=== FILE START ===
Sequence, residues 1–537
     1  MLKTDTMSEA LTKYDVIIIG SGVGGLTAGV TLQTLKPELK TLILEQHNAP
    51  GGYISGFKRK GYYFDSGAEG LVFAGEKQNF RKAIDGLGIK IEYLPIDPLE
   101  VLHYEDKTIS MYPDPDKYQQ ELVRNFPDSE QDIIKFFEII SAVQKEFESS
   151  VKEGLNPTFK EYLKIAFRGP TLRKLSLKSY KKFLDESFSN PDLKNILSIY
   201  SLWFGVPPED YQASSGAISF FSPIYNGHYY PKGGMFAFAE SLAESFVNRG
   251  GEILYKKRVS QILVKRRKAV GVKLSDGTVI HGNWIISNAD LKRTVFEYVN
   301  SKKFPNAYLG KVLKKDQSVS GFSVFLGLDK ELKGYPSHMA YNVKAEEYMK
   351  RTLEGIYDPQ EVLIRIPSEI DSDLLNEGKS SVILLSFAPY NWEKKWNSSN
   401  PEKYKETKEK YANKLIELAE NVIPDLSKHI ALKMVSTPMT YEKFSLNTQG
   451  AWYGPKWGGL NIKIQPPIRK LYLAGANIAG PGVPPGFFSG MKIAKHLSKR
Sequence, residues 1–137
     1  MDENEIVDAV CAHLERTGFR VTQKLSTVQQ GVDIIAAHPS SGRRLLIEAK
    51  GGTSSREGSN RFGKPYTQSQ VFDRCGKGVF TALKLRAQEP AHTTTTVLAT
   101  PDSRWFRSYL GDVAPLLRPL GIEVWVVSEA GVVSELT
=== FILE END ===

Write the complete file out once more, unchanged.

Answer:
Sequence, residues 1–537
     1  MLKTDTMSEA LTKYDVIIIG SGVGGLTAGV TLQTLKPELK TLILEQHNAP
    51  GGYISGFKRK GYYFDSGAEG LVFAGEKQNF RKAIDGLGIK IEYLPIDPLE
   101  VLHYEDKTIS MYPDPDKYQQ ELVRNFPDSE QDIIKFFEII SAVQKEFESS
   151  VKEGLNPTFK EYLKIAFRGP TLRKLSLKSY KKFLDESFSN PDLKNILSIY
   201  SLWFGVPPED YQASSGAISF FSPIYNGHYY PKGGMFAFAE SLAESFVNRG
   251  GEILYKKRVS QILVKRRKAV GVKLSDGTVI HGNWIISNAD LKRTVFEYVN
   301  SKKFPNAYLG KVLKKDQSVS GFSVFLGLDK ELKGYPSHMA YNVKAEEYMK
   351  RTLEGIYDPQ EVLIRIPSEI DSDLLNEGKS SVILLSFAPY NWEKKWNSSN
   401  PEKYKETKEK YANKLIELAE NVIPDLSKHI ALKMVSTPMT YEKFSLNTQG
   451  AWYGPKWGGL NIKIQPPIRK LYLAGANIAG PGVPPGFFSG MKIAKHLSKR
Sequence, residues 1–137
     1  MDENEIVDAV CAHLERTGFR VTQKLSTVQQ GVDIIAAHPS SGRRLLIEAK
    51  GGTSSREGSN RFGKPYTQSQ VFDRCGKGVF TALKLRAQEP AHTTTTVLAT
   101  PDSRWFRSYL GDVAPLLRPL GIEVWVVSEA GVVSELT